Electronics/Resistors
Subject classification: this is a science resource. 
Educational level: this is a secondary education resource. 
Type classification: this is a lesson resource. 
Completion status: this resource is ~75% complete. 
A resistor ( ) is an electronic component that resists, restricts, or opposes the flow of electricalcurrent.
It can be visualized as constriction or narrowing in a pipe, where the constricted area is the resistance (resistor), and the flow of water is current. The volume of water flow following a constriction in a water pipe is reduced.The resistive property of this type of component can be attributed to a material which has much lower electrical conductivity than regular conductive materials such as metals.
The electrical resistance of a given object depends primarily on two factors:
 What material is it made?
 what is shape?
therefore, can be computed as:
where is the length of the conductor, measured in metres [m], A is the crosssection area of the conductor measured in square metres [m²] and ρ (rho) is the electrical resistivity (also called specific electrical resistance) of the material, measured in ohmmetres (Ω·m).
In This formula are constant,therefore already is constant.
The inverse resistance is conductance , the ease at which an electric current passes.therefore, can be computed as:
→ ([[Sigma (sigma) is the electrical conductivity measured in siemens per meter(S·m^{−1})
In This formula are constant,therefore already is constant.
Electrical current ( ) results when a voltage ( ) (or electromagnetic force) causes movement of electrons.
Ohm's law states that the current through a conductor between two points is directly proportional to the potential difference across the two points.
 then: ↑ → ↑ and ↓ → ↓
In the electric circuit, if temperature and all other conditions remain constant, R and G are constant therefore relationship between I and V is linearity then:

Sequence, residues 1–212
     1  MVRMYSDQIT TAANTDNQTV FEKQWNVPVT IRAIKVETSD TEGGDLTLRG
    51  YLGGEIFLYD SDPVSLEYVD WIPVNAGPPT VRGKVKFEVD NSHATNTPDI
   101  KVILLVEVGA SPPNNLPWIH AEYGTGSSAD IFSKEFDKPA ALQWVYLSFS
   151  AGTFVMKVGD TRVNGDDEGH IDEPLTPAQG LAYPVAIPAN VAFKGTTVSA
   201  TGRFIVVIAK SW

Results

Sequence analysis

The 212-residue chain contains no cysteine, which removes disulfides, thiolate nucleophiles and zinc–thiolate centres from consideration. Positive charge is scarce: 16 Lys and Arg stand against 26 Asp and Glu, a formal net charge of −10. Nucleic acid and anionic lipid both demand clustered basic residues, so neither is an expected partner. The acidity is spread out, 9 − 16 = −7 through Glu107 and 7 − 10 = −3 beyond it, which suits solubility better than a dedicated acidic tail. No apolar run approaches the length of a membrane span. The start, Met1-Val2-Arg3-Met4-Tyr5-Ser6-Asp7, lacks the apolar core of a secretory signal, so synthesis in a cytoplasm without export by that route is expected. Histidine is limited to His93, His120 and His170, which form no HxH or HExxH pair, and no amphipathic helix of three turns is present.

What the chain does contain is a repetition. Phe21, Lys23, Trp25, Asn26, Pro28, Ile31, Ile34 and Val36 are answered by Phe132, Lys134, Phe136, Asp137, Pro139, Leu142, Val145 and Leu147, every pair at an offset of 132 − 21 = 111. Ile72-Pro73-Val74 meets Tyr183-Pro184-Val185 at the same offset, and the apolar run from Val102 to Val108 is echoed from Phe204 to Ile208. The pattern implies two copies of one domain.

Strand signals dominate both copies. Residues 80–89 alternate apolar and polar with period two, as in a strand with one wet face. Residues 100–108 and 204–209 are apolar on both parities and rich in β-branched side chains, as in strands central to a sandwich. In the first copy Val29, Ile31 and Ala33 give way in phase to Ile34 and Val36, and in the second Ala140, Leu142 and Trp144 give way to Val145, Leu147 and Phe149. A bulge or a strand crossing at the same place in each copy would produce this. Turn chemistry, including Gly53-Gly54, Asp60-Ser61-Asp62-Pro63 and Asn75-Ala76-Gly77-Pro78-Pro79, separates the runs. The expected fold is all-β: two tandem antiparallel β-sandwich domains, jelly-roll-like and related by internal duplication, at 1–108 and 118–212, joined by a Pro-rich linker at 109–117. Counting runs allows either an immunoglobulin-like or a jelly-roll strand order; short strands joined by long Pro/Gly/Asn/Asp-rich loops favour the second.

R=1,G=1
R>1,G<1
R<1,G>1
Ohm's law can be used to calculate the resistance present in a DC circuit if voltage and current are known.
Resistance edit
Every resistor has a resistance calculated as:
 →
where:
 R is resistance (ohms, Ω),
 V is voltage (volts, V),
 I is current (amperes, A).
Conductance edit
Conductance (G) is defined as the inverse of resistance, calculated as:
where:
 G is conductance (siemens, S).
Voltage edit
Voltage is calculated as:
 →
Current edit
Current is calculated as:
Power edit
Power is calculated as:
Resistor color code edit
Color  Significant figures 
Multiplier  Tolerance  Temp. Coefficient (ppm/K)  

Black  0  ×10^{0}  –  250  U  
Brown  1  ×10^{1}  ±1%  F  100  S  
Red  2  ×10^{2}  ±2%  G  50  R  
Orange  3  ×10^{3}  –  15  P  
Yellow  4  ×10^{4}  (±5%)  –  25  Q  
Green  5  ×10^{5}  ±0.5%  D  20  Z  
Blue  6  ×10^{6}  ±0.25%  C  10  Z  
Violet  7  ×10^{7}  ±0.1%  B  5  M  
Gray  8  ×10^{8}  ±0.05% (±10%)  A  1  K  
White  9  ×10^{9}  –  –  
Gold  –  ×10^{1}  ±5%  J  –  
Silver  –  ×10^{2}  ±10%  K  –  
None  –  –  ±20%  M  –  

Resistors found in electronic kits and hobby projects have up to four bars indicating the color code. The first two bars represent the first and second significant digit, the third represents the exponent or decimal multiplier, and the fourth represents the tolerance. The chart to the right shows information about the color coding on resistors.